From a young age, Ani Liu sought ways to explore her creativity, but her parents, who had both grown up under the social and economic restraints of Communist China had more practical ambitions for her. 

Liu: Definitely engineering, math, science was very much favored as the only legitimate way to display intelligence or find truth, which of course is not true. But for them a lot of that had to do with what kinds of jobs will allow you to have work through wars, through ethnic cleansings. What can give us the most security in this life? And for them it was highly skilled labor that often had to do with math and science. They had a lot of friends who they knew escaped a life of farming, in some way. So, I went to a math and science high school, I was on the math team, I was on the robotics team, I really tried to make my parents proud in this way, but many instances in these explorations you come up basically kind of up against philosophy. You can find a lot of truths in math and science, and to some extent in technology, but the way it makes you feel, the way it impacts culture, is something that I think artists explore.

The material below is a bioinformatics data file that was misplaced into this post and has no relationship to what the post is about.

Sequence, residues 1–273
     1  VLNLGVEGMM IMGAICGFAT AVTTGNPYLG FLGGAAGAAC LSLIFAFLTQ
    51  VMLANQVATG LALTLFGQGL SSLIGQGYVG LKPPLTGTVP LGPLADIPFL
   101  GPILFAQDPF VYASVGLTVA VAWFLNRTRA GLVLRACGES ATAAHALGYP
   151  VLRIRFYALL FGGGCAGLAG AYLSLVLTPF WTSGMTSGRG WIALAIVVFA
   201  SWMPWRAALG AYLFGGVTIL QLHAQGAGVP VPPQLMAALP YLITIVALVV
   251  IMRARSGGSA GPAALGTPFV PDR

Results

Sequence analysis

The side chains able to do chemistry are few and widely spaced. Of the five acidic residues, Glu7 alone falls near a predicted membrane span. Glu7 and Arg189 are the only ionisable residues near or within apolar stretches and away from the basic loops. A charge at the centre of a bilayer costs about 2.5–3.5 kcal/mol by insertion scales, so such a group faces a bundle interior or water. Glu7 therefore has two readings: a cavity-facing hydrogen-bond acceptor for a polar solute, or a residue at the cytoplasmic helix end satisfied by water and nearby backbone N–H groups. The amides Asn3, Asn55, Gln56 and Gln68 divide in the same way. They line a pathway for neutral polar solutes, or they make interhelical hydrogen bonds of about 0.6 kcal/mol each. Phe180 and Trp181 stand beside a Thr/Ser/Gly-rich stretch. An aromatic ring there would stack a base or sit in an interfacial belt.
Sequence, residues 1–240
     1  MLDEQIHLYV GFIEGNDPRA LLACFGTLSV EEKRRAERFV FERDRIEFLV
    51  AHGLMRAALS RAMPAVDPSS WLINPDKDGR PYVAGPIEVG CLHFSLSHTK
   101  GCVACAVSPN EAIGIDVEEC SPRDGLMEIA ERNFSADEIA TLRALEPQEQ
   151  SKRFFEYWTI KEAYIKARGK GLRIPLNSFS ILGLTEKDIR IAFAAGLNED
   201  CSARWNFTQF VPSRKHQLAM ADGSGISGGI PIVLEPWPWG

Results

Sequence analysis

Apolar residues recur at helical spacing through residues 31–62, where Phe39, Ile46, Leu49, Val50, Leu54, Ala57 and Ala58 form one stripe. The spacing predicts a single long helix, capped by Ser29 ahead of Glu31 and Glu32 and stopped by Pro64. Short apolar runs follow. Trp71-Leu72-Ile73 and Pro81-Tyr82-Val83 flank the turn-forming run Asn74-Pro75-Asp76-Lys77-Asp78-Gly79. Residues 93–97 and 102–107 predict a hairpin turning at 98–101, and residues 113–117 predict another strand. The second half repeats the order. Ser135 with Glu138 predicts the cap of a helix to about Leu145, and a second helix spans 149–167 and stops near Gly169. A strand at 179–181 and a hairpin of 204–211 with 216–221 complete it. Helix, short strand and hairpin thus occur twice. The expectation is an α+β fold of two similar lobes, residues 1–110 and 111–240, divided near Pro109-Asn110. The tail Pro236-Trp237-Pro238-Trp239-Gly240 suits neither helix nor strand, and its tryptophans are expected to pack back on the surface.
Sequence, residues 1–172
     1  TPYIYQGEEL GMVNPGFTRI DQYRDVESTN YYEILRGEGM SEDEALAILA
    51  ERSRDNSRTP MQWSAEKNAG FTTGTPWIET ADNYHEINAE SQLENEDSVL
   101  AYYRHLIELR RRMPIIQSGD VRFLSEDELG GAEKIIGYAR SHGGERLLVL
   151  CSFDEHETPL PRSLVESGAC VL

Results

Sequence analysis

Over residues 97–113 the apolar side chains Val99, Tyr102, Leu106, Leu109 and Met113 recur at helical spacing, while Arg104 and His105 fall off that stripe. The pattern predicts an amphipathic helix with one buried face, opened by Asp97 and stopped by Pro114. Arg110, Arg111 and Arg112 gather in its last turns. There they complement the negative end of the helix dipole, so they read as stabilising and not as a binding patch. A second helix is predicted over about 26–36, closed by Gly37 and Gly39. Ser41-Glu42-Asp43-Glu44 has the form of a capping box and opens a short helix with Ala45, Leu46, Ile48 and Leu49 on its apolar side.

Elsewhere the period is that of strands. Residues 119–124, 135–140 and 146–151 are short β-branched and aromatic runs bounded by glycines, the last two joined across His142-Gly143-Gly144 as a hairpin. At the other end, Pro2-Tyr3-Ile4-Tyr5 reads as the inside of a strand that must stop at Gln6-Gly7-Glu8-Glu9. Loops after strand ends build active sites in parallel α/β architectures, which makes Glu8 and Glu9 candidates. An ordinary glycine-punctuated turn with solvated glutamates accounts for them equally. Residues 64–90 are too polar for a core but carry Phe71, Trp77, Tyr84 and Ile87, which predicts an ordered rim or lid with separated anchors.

Liu’s early life was a series of delicate negotiations. She learned to draw under the guise of preparing to become an architect, which she almost did. She got a Master’s in architecture at Harvard before becoming disenchanted by what she saw as pervasive sameness within the craft. So, she went back to school to get a Master’s of science from MIT. There she devoted herself to the innovative artistic work she would become best known for. And though her journey has been circuitous, Liu acknowledges that it wouldn’t have been possible without her parents’ clear priority starting out. 

Liu: I definitely was told that to achieve I had to do at least 10 times better than the next best person, that because I was a woman, or at that time because I was a girl, because I was a minority, getting 100 would never be enough and I’m sure that made me super annoying to teachers. Like after getting the 100 on the exam, I would literally go up to the desk and be like, “Can I do some extra credit? Because this is not enough for my mom. I really need the five to 10 extra points.” And they’re like, “Oh my god, what’s wrong with you?” 

AJC: There’s no such thing as 110%! 

Liu: Yeah! I think that some of my teachers were probably super annoyed and some of them were kind enough to actually give me extra credit. 

AJC: And what was the downside when you would go home when you got a 97, or did you ever get a 97? 

Liu: Certainly, I did. I think there was a really deep shame that came with failing. And that’s probably 1,000 little behavioral things in the household, you know, but I do remember at some point feeling like I would rather die than fail a test. Which I have since really calmed down about and it required a lot of realigning my own values in some ways. But I think in the time that my parents grew up, maybe it was kind of like a live or die mentality, like you must achieve to get out.